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California Governor Newsom Strengthens the Legal Market!

It's a great day to live in California!  Yesterday, California Governor Newsom signed a handful of bills into law that strengthen the legal market on several fronts.  From expanding legal access to medical cannabis to expunging cannabis prohibition criminal records; and even enacting legal protections and paving the way towards interstate commerce with the neighboring states, these new laws are late to the party given that California has had legal cannabis in some way shape or form for decades.  Then again, it's better late than never and we're thrilled to finally see positive regulation to the industry we both rely and thrive on.  Let's spark up a pair of The Lemonati Twinsies pre-rolls and dive right in!


A STEP FORWARD...FINALLY

To understand the gravity of the bills signed yesterday, we need to look at where the industry was.  In 1996, California became the first state to allow medicinal cannabis use following the passing of the Prop 215, otherwise known as the Compassionate Use Act.  And in 2016, the state passed Prop 64 - formally legalized the recreational use of our favorite plant, thus opening the floodgates of the hush-hush type of activity.

No longer are the days of hitting up your local dealer and praying that the herb you're buying is not only the loudest, most potent cannabinoid and terpene profile around, but that it's safe and free of any contaminants that can otherwise ruin your vibe.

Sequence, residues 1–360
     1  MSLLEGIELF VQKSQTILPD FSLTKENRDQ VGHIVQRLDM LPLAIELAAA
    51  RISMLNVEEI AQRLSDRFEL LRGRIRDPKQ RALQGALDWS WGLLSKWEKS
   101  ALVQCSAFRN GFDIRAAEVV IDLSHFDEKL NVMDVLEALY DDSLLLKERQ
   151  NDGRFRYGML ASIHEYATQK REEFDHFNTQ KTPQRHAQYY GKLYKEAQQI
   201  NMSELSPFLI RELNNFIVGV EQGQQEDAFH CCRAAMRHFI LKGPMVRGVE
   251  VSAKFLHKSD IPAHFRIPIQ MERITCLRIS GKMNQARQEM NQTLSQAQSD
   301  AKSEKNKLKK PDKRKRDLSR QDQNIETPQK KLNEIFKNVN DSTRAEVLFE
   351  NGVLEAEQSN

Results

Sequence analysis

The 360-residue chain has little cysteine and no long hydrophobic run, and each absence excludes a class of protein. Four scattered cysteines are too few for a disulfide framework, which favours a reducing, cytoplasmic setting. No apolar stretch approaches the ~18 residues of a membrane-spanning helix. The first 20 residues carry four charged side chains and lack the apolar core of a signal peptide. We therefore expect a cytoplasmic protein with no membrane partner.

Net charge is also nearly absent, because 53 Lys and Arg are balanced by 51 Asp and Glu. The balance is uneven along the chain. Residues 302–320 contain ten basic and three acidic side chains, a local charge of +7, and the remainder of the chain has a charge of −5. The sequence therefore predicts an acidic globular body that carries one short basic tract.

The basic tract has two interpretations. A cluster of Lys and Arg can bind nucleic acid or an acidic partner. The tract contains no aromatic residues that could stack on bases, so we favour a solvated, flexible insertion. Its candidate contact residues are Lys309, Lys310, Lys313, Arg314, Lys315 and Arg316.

Under these new laws, California authorizes interstate cannabis commerce, employment protections for those that partake outside of the workplace, and further cement delivery services ability to operate specifically for medical cannabis.

One of the most notable bills to pass is SB1326, which creates a process for California to enter into agreements with other, legal cannabis states to allow cannabis transactions with entities outside of California.  This is basically a formal way of saying California can now engage in interstate commerce with neighboring states Oregon, Nevada, and Arizona, all of which possess their own recreational cannabis markets.  This is HUGE step towards nationwide legalization as prior to this, transporting commercial levels of cannabis across state lines is hefty criminal charge and otherwise considered to be drug trafficking.


"SB1326 is an essential step to ensure that California can fully capitalize on, and remain a leader in the national cannabis market which will benefit our rural economy and our workers" says Senator Anna M. Caballero, the author of the bill and representative for Merced County.  Merced and most of the central valley in the state bring in a large portion of legal product to market yet are usually the ones on the chopping block as it pertains to any and all legal pathways to protect the industry.  We're stoked to finally see something concrete in further expanding the Cali market that the rest of the world seems to love more so than the rest of the country.


MORE CONCRETE PROGRESS TOWARDS ENDING THE WAR ON DRUGS